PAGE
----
BEIRUT – The Latest on Syria's conflict (all times local):
Turkish President Recep Tayyip Erdogan has suggested that Turkey could take part in a future operation to liberate the Syrian city of Raqqa from Islamic State group militants.
Erdogan told journalists aboard a plane as he returned from a G-20 meeting that the issue was brought up by U.S. President Barack Obama during the meetings in China. His words were reported by Hurriyet and several other Turkish newspapers on Wednesday.
Erdogan says: "Obama wants to do some things jointly concerning Raqqa. We said this would not be a problem from our perspective."
The Turkish leader adds that he said Turkish and U.S. military officials could meet to discuss the issue.
Turkey's military entered Syria last month to back efforts by Syrian rebels to push IS from the border, and has also clashed with Syrian Kurdish troops.
The U.N. humanitarian aid agency says fighting in Syria's central Hama governorate has displaced some 100,000 people over eight days between late August and early September.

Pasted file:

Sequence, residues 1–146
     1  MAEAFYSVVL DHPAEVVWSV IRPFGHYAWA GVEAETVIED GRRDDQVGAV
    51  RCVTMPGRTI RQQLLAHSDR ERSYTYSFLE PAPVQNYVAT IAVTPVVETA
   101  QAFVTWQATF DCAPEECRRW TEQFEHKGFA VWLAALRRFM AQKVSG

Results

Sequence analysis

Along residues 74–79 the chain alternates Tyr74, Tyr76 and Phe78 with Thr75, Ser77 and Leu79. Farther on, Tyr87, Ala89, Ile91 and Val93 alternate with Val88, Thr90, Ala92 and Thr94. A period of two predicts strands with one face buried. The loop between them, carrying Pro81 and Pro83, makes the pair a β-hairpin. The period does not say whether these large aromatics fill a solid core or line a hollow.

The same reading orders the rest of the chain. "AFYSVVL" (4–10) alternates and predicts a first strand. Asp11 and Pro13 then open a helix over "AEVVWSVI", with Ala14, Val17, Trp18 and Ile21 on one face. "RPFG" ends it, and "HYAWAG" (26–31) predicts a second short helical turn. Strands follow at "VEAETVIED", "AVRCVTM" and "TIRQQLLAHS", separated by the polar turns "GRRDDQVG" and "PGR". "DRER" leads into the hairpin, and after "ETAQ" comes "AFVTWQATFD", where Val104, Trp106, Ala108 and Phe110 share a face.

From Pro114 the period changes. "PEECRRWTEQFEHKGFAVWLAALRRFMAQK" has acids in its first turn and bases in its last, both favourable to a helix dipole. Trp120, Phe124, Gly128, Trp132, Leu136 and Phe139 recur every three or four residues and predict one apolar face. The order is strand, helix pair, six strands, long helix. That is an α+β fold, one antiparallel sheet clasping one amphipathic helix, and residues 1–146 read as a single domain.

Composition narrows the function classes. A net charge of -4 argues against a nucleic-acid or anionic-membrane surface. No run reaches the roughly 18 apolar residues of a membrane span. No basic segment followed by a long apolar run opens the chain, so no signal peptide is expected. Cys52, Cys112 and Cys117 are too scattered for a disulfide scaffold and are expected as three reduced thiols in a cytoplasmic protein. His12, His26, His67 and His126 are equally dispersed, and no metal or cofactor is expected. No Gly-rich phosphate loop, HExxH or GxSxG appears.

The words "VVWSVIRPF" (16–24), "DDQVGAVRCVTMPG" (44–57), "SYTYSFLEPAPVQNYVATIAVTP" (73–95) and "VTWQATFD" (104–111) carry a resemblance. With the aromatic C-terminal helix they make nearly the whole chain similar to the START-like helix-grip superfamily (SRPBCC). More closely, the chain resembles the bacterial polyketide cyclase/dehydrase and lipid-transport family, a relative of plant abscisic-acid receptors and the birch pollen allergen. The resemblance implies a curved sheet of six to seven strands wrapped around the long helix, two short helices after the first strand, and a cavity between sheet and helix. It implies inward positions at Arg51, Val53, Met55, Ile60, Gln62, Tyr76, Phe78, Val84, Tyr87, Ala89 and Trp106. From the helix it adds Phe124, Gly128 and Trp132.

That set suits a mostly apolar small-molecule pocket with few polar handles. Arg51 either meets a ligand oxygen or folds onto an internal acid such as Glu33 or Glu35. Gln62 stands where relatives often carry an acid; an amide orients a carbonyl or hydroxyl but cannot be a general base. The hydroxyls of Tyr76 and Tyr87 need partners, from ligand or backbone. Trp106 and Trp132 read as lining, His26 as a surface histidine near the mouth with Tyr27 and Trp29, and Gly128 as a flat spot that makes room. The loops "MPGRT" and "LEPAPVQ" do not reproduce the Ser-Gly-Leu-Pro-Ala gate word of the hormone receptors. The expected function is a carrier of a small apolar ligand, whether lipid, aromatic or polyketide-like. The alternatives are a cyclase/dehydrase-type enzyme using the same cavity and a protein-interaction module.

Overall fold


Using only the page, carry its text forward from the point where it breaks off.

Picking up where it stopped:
In a "flash update ," OCHA says figures from a camp coordination group show nearly half of the displaced arrived in the neighboring Idlib governorate. It says a shortage of shelter space means many displaced families are sleeping outdoors in parks.
The Tuesday update says the United Nations has sent an "inter-agency convoy with life-saving supplies to Hama" and was evaluating the humanitarian situation.
OCHA says a dozen schools in rural areas and four mosques in the city of Hama were converted into temporary shelters.
Insurgents led by an ultraconservative Islamic group last week advanced northward in Hama province, prompting fierce fighting with government forces.